19th-century saint’s observations provide hope, counsel

Archbishop Anthony Fisher, O.P., of the Archdiocese of Sydney, Australia, visited Notre Dame from Thursday, October 27 to Friday, October 28. Archbishop Fisher celebrated the 11:30am Mass in the Basilica of the Sacred Heart on Thursday and delivered a lecture titled “Newman and the Religion of the Future and the Future of the Academy” that afternoon at Notre Dame Law School.

Fisher is the ninth archbishop of Sydney, having previously served as Bishop of Parramatta and auxiliary bishop of the Archdiocese of Sydney. Since his appointment to the episcopacy, Archbishop Fisher has also served the universal Church in Rome at the Congregation for the Doctrine of the Faith, and he presently serves in the Dicastery for the Oriental Churches and the Pontifical Academy for Life.

Archbishop Fisher’s lecture offered a hopeful estimation of the role of Catholic higher education in culture for the generations to come. Drawing from St. John Henry Newman’s Essay on the Development of Christian Doctrine, The Idea of a University, Oxford Sermons, and more, the archbishop proposed seven roles of the Catholic university in our age: 

1) To provide a sympathetic environment where religious matters can be explored, 2) to witness to the continuing relevance of Christian faith in people’s lives, 3) to enable the healthy development of doctrine and to test putative developments for their fidelity to revelation, 4) to be centers for forming and expressing lay leadership, 5) to form sound Christian consciences, 6) “humbly and intelligently to critique truncated views of reason in liberal thought and of religion in lukewarm Christianity”, and 7) to provide to the world the wisdom of Christ crucified and risen.

These parts of the mission of the Catholic university today both arise from and are opposed by secular trends, Fisher shared. Public discourse is increasingly anti-religious; the disciplines in the university are becoming highly specialized, having lost a sense of liberal education; “staff [are] more comfortable with the secular gods of diversity, equity, and inclusion than with the much richer Catholic intellectual tradition”; and cultivation of only one precept of the good—justice, for example—leads to the decline of all others, and, in the end, to the total eclipse of the good.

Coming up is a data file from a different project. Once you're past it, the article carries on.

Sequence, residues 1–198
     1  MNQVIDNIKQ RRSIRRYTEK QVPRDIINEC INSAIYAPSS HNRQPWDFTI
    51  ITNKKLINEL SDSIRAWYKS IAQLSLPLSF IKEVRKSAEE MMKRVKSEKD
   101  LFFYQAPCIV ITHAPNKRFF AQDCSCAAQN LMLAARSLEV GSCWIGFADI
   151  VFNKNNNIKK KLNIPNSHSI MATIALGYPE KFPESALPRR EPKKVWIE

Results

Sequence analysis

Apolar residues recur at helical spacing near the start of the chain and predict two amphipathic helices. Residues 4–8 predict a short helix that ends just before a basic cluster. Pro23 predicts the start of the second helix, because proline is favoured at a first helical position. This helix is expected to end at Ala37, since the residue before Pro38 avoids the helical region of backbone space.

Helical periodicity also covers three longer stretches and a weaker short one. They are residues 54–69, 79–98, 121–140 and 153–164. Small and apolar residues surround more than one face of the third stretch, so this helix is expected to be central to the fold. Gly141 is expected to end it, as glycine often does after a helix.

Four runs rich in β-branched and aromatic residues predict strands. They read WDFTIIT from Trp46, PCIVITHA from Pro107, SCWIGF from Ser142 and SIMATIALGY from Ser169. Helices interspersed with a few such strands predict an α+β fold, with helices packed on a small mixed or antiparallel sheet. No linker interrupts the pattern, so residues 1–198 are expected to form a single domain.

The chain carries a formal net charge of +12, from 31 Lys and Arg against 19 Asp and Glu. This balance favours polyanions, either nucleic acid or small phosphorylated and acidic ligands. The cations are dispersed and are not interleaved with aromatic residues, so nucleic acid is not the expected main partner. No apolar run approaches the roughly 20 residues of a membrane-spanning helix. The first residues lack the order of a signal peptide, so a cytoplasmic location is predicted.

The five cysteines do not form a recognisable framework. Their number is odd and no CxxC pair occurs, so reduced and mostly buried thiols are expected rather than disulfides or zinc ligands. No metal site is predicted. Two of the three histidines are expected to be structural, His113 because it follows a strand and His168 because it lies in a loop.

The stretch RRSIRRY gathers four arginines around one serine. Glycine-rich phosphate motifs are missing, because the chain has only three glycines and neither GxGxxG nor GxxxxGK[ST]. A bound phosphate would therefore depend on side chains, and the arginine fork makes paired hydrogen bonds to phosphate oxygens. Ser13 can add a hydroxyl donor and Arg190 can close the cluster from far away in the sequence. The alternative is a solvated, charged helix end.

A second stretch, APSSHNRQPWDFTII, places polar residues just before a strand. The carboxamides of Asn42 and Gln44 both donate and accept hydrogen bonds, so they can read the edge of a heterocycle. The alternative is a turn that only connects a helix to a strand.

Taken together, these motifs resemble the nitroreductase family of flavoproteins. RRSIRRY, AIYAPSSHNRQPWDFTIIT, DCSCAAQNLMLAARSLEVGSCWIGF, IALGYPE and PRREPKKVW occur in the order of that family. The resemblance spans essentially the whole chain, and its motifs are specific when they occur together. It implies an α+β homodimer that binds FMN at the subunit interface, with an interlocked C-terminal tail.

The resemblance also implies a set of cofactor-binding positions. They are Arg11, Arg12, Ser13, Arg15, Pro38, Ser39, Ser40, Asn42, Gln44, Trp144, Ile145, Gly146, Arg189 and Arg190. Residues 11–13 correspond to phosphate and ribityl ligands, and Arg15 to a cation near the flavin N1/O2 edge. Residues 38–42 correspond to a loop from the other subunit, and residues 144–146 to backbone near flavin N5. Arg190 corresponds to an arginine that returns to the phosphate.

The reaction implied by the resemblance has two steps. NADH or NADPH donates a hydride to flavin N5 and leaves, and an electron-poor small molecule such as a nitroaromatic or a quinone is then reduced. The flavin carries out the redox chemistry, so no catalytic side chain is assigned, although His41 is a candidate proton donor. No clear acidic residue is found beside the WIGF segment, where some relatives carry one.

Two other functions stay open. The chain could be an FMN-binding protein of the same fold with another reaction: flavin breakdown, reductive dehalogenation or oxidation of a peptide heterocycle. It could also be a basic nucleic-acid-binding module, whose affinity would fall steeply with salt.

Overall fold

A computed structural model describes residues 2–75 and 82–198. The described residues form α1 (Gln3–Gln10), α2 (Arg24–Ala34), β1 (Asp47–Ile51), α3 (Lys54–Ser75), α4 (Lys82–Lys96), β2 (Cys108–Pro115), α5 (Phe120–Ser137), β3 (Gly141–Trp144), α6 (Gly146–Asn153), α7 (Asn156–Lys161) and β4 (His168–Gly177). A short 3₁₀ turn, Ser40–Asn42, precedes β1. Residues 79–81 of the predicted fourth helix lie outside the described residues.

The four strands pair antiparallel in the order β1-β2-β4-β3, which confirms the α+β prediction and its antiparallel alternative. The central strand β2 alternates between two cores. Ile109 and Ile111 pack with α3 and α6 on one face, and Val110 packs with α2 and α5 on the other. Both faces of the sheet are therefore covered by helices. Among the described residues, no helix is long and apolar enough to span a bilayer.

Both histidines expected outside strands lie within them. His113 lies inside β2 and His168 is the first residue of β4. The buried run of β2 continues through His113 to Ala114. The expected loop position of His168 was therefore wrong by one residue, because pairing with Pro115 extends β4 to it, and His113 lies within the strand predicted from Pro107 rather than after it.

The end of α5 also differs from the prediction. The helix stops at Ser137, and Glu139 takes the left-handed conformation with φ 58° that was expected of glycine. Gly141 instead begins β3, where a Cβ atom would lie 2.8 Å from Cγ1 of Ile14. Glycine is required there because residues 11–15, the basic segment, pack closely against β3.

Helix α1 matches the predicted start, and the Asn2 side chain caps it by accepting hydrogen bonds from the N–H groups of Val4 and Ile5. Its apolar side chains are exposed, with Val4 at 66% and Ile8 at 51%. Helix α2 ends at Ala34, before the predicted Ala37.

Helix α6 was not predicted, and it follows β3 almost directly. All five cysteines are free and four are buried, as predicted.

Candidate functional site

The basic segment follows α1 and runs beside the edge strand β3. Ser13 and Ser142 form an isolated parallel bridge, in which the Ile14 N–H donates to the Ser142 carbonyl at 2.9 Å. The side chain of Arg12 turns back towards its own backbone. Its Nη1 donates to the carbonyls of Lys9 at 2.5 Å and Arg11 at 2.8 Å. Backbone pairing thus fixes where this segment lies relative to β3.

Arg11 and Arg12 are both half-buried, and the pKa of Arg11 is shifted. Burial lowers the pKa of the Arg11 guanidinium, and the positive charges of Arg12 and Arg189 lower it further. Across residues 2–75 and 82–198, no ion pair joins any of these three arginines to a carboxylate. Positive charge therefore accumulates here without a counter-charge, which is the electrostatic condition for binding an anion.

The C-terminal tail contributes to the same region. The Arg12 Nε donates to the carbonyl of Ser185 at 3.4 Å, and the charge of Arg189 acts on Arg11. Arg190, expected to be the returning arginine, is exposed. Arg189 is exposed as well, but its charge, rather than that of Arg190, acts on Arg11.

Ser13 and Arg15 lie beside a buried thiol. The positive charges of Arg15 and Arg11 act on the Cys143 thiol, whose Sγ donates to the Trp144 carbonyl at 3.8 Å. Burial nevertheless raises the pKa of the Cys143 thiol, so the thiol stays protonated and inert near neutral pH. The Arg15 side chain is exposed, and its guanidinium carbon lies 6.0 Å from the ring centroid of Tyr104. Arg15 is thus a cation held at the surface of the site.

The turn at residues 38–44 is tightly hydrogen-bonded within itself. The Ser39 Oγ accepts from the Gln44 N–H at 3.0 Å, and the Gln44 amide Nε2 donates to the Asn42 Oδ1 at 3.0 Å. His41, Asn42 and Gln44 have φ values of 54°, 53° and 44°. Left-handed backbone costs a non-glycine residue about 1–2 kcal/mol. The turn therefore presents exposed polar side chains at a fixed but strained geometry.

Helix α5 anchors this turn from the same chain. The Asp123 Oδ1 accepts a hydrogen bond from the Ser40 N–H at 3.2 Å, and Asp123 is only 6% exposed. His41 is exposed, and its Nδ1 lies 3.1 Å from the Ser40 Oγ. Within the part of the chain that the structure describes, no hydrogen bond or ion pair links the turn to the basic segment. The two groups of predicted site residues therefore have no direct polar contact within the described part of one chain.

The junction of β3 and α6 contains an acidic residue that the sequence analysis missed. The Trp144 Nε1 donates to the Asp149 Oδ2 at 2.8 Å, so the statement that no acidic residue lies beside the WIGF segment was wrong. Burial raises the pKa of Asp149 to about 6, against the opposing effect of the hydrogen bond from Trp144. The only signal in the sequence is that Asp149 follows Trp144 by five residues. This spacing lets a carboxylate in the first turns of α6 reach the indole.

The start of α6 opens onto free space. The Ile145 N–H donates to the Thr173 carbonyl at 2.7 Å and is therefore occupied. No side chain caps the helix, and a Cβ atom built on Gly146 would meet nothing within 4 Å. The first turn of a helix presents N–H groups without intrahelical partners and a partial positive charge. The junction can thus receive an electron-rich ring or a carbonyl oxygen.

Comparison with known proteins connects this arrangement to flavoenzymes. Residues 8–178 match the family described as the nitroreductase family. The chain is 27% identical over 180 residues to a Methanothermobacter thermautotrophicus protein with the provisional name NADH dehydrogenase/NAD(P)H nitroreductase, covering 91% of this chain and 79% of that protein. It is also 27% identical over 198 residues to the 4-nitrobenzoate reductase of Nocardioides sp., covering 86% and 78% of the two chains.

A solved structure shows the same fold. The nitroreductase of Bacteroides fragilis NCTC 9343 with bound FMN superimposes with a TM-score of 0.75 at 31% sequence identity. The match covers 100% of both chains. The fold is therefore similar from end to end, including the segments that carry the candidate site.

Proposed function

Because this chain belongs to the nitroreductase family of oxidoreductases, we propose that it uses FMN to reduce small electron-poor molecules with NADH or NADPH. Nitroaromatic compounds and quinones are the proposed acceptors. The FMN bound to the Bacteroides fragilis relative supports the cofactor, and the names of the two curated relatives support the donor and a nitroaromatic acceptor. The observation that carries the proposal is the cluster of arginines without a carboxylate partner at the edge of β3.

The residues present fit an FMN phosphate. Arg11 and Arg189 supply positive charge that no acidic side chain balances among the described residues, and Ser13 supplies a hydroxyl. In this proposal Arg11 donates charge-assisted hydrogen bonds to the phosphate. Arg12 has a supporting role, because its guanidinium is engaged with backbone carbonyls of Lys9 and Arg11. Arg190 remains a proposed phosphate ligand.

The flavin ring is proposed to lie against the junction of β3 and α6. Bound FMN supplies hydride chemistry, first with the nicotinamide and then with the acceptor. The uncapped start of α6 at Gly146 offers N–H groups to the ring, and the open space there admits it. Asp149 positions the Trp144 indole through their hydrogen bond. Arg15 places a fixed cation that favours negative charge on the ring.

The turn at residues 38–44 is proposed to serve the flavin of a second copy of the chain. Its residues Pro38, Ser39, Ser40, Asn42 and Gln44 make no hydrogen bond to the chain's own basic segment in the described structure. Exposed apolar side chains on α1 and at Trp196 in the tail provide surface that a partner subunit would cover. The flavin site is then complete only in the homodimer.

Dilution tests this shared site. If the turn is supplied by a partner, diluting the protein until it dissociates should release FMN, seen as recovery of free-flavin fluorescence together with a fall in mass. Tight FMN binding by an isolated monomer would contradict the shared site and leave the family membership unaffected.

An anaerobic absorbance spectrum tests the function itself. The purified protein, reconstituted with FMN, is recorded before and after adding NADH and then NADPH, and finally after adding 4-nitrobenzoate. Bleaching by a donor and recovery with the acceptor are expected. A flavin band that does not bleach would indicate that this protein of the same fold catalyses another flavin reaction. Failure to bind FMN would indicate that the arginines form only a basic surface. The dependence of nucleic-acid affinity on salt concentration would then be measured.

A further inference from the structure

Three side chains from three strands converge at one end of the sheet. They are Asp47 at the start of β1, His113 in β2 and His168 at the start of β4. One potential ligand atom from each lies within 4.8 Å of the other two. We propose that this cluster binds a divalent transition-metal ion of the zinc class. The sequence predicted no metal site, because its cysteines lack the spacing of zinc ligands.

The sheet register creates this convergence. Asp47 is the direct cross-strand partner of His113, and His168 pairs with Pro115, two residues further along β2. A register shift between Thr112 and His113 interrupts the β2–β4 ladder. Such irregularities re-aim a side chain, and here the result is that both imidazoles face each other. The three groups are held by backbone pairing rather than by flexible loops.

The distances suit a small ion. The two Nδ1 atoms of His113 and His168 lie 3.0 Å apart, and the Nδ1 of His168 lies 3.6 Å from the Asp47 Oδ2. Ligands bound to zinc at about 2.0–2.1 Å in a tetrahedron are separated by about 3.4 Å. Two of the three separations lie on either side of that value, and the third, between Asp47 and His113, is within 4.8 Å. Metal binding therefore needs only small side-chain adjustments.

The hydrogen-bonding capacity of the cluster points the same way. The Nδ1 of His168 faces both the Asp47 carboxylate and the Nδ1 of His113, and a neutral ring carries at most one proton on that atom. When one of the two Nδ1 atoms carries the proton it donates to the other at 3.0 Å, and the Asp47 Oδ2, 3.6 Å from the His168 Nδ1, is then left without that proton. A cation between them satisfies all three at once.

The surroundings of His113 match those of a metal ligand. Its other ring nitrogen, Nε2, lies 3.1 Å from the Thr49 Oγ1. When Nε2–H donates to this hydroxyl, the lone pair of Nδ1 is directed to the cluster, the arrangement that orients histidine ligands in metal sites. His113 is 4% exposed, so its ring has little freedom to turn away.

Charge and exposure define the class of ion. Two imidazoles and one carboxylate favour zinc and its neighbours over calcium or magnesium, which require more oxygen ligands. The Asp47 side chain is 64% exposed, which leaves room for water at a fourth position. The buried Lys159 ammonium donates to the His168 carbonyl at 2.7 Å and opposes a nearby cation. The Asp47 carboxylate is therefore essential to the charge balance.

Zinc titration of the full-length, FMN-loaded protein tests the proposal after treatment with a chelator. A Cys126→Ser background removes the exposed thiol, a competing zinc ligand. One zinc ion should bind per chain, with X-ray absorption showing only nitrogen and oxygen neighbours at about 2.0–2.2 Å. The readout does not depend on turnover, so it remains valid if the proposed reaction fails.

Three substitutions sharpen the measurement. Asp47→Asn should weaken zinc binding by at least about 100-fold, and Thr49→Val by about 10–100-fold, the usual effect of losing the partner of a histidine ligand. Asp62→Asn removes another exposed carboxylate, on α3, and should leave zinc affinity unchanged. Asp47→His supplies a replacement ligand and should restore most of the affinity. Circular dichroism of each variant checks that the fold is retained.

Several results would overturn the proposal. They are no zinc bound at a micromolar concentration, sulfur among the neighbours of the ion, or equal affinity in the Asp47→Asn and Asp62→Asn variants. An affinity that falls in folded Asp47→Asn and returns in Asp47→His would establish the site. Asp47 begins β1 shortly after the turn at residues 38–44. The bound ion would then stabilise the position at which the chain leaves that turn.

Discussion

The archbishop told the Rover in an interview, “I think Catholic universities have been a bit cautious about talking about [virtue] because that starts to sound like we’re engaging in propaganda or brainwashing, or we’re trying to turn the non-Catholics into Catholics.” When asked how young Catholics should attempt to communicate with their peers who have not been formed in the Catholic tradition, the archbishop offered encouragement:

“We want them to be themselves. We want them to be their best selves, and their best selves mean that they are courageous and loving and just and all the rest of the virtues. So, I don’t think we should be pulling back from that.” He added, “When we say, what we’re offering you is eternity and beauty beyond your imagining, and a truth that will actually make so much more of you and expand your mind and your heart when we’re offering some big and beautiful things, that will be satisfying in a way that these other things are not satisfying.”

In his lecture, Fisher argued that Newman’s observation of secularization and his resistance to “the spirit of liberalism in religion” was prescient and provides means for us to counter the decay of our institutions today. In response to the modern push to de-Christianize institutions and to establish doctrines of diversity, equity, and inclusion, intelligent Catholics must recover the conviction that the mind is below truth; education is about personal formation in the search for the truth, not self-confident pronouncement of secular liberal dogmas. 

On the topic of personal formation for young people, the archbishop told the Rover that, although he found it “comical” when asked several times whether he was visiting the university for a football game, sport is a rich opportunity to teach virtue: “It absolutely teaches you about courage. It teaches you about working for the team and not just working for yourself.” He continued, “It could be that some of the things that university does, whether self-consciously or unconsciously, are in fact projects in virtue development. And maybe we just need to be a bit more intentional about some of that.”

Archbishop Fisher ended the lecture with reflections on the Catholic missionary impulse and on hope. Speaking about present troubles in the Church, he said, “pruning is not the end of the ecclesial vine: it’s often the prelude to an extraordinary harvest.”

Joshua Gilchrist is a senior from Keenan Hall who now lives off campus. You can find him on the fourth floor of Geddes Hall trying to narrow his senior thesis topic. Send him cocktail recipes or theological conundrums at jgilchri@nd.edu.

Photo credit: Archbishop Fisher’s YouTube Channel